What counts is that the US have lost twice on home soil to their biggest rivals, Mexico (1-0 in the Concacaf Gold Cup final and 3-0 in a friendly); were especially brittle in defeats to Venezuela and now Canada; and drew 1-1 with both Chile and an under-strength Uruguay, two of their strongest opponents this year.
Put another way, since Berhalters appointment was announced last December there have been no results that exceeded expectations against good teams; there is currently no reason to believe that the US would be anything but makeweights at Qatar 2022, should they qualify. And there is a lack of clear evidence that the team is trending in the right direction, despite individual positives such as the continued improvement of the midfielder Weston McKennie.
Given the road trip tribulations endured during the last World Cup qualifying cycle and the inexperience of many of the current crop it is ludicrous (ticket income aside) that this was Berhalters first away game. If the Americans could not handle a half-empty MLS stadium in Toronto, how badly might they fare in Mexico City, against Honduras in San Pedro Sula, or in the Costa Rican capital, San Jos?
The US have not won on the road since they beat Cuba 2-0 in Havana in October 2016. Tuesdays outcome extends that streak to 10 matches without a victory. The defining image of the evening for the Americans? Christian Pulisic being substituted after 60 fruitless minutes and then howling and gesturing in existential agony, Americas brightest star devolved into Munchs The Scream in shorts and shinpads.
Berhalter told reporters afterwards that the 21-year-old has been battling flu-like symptoms. Perhaps he also feels sore from carrying the team on his back for three years. A below-par Pulisic, whether through illness, injury or rust from his lack of minutes at Chelsea, would present a grave problem for an American side that has few good attacking ideas without him.
Still, key man off the field and 1-0 down with half an hour to play? That is a situation where a team might look to its coach to conjure an inspired substitution or a tactical masterstroke. But the response to Alphonso Davies 63rd minute goal was a string of sideways passes, possession without purpose, as the US chased the game with as much cutting edge as a preschoolers pair of plastic safety scissors. Canada continued to look quicker, more coherent and more dangerous and added a second on the break through Lucas Cavallini in stoppage time.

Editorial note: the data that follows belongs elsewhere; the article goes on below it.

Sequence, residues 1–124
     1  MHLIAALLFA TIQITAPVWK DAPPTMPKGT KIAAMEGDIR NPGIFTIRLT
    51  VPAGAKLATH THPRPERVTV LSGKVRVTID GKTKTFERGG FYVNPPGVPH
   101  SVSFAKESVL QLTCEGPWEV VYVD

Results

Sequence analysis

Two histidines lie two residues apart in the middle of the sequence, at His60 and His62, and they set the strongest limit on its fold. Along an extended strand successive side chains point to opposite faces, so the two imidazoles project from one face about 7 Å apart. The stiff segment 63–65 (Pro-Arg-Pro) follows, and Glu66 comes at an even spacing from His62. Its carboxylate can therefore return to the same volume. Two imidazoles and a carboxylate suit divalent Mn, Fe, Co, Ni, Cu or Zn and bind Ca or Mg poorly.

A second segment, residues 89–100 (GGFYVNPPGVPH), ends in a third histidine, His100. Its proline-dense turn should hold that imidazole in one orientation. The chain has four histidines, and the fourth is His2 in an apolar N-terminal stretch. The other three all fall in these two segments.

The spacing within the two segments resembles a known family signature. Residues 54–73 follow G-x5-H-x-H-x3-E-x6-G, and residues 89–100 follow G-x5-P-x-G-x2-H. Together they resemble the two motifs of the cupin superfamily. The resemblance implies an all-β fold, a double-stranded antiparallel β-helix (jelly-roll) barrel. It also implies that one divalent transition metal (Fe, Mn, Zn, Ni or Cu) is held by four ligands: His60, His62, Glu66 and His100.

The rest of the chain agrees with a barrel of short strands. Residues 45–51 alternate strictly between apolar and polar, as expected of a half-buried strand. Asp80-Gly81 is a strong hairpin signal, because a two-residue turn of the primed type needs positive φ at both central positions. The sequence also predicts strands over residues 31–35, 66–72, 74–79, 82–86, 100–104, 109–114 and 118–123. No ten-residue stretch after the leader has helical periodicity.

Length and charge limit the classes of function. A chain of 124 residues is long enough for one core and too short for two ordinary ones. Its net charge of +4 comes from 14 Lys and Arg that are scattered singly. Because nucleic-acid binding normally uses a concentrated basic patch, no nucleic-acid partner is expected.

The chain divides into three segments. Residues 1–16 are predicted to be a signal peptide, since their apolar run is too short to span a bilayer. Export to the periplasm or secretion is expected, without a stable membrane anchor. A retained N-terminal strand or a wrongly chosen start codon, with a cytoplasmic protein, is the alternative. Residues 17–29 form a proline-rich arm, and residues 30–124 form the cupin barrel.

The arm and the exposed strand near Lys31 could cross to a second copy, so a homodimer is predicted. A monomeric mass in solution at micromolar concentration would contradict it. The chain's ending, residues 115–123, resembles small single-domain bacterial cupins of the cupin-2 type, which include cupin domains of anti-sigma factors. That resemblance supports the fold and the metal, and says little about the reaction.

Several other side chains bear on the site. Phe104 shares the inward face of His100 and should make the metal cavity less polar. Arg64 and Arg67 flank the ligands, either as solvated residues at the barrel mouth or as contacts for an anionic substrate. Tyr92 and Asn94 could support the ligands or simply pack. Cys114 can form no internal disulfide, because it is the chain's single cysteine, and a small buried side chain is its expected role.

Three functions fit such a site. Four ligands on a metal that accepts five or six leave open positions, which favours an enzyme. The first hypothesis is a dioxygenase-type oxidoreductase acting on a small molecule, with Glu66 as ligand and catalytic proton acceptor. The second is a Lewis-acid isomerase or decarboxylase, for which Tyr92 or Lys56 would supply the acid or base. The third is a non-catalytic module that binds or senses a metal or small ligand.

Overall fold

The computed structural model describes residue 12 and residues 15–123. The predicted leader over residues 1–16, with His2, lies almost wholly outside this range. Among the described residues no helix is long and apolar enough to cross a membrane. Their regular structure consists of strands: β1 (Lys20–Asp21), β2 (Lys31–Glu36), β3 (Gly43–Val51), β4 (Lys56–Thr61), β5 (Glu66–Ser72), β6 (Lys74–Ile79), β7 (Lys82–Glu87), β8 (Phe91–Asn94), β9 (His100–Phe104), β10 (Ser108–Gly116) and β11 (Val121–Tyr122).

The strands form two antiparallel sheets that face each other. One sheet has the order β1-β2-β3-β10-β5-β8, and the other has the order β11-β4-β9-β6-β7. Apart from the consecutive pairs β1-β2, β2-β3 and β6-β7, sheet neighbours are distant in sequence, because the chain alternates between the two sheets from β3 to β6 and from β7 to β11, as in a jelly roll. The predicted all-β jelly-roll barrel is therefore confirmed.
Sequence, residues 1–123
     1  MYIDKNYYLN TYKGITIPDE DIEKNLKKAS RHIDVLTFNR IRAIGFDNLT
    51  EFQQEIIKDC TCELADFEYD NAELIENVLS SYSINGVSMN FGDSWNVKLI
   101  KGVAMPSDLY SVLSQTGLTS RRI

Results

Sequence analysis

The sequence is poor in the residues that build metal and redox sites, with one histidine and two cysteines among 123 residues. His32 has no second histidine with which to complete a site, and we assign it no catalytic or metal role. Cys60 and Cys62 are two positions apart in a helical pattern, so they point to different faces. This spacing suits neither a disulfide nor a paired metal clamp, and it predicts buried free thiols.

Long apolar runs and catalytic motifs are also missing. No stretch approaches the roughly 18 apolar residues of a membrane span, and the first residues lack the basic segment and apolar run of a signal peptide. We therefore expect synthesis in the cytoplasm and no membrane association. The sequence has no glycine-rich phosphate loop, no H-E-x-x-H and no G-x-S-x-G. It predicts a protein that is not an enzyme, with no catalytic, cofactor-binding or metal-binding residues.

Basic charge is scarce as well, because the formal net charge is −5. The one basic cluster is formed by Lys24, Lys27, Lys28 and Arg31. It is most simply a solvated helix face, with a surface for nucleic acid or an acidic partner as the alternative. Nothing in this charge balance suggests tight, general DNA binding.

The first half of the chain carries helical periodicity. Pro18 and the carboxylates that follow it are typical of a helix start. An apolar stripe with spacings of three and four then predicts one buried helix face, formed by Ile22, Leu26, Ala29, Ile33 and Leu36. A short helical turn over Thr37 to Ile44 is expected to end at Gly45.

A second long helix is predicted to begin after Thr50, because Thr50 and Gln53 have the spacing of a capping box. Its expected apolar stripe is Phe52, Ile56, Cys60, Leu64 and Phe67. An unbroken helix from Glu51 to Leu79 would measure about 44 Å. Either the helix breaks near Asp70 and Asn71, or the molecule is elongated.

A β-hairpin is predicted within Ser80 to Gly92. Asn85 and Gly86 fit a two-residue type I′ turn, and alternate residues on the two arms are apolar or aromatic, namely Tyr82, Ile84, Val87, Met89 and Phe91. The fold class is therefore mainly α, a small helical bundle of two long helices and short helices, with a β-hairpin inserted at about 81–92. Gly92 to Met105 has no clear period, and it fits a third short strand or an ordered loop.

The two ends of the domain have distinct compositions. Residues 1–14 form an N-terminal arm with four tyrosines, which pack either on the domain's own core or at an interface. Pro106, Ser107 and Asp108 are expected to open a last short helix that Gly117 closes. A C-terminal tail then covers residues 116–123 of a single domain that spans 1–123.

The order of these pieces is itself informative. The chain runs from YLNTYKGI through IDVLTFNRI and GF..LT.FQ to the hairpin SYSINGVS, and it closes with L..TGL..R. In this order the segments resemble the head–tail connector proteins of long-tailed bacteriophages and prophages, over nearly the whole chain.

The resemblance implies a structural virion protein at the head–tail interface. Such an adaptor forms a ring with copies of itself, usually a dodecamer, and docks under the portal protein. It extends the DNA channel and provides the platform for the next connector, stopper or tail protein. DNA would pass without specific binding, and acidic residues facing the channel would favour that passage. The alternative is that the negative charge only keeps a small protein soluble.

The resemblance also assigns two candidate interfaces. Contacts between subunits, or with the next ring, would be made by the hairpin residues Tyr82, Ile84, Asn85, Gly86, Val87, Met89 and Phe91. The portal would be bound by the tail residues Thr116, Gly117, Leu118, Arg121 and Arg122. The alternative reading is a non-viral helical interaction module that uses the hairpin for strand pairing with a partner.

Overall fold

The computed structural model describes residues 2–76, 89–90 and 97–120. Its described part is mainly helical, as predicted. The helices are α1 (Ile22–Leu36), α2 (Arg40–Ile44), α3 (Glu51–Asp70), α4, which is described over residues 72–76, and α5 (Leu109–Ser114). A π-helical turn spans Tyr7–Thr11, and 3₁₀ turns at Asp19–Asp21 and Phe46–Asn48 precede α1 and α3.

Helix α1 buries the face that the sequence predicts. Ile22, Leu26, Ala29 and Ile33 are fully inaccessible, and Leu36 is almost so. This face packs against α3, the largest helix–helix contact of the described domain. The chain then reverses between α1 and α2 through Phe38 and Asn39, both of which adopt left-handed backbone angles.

As well as seeking to end a 17-match winless streak against their neighbours, Canada were on the hunt for Fifa ranking points in order to rise above El Salvador, the worlds 72nd best team. The top six Concacaf nations in Fifas rankings next June will go into the Hexagonal World Cup qualifying round, which delivers three automatic berths for a trip to Qatar.
The Americans, meanwhile, looked like they felt it would be uncool to get too worked up about a Concacaf Nations League group fixture. I wasnt happy with the desire that we displayed tonight, Berhalter told reporters. That is a jarring admission. Spirit used to be a given whenever a US side took the field at least until the dog days of the Jrgen Klinsmann regime.
Did the team think they could glide past an improving Canada on skill alone? A misguided belief, if so. Berhalter does not have a vintage crop of players at his disposal. And the US Soccer Federation poured pressure on itself, and the 46-year-old, by taking a year to appoint a permanent coach following the World Cup qualifying debacle, then choosing a low-profile figure who made his name as a tactician at a blue-collar MLS club.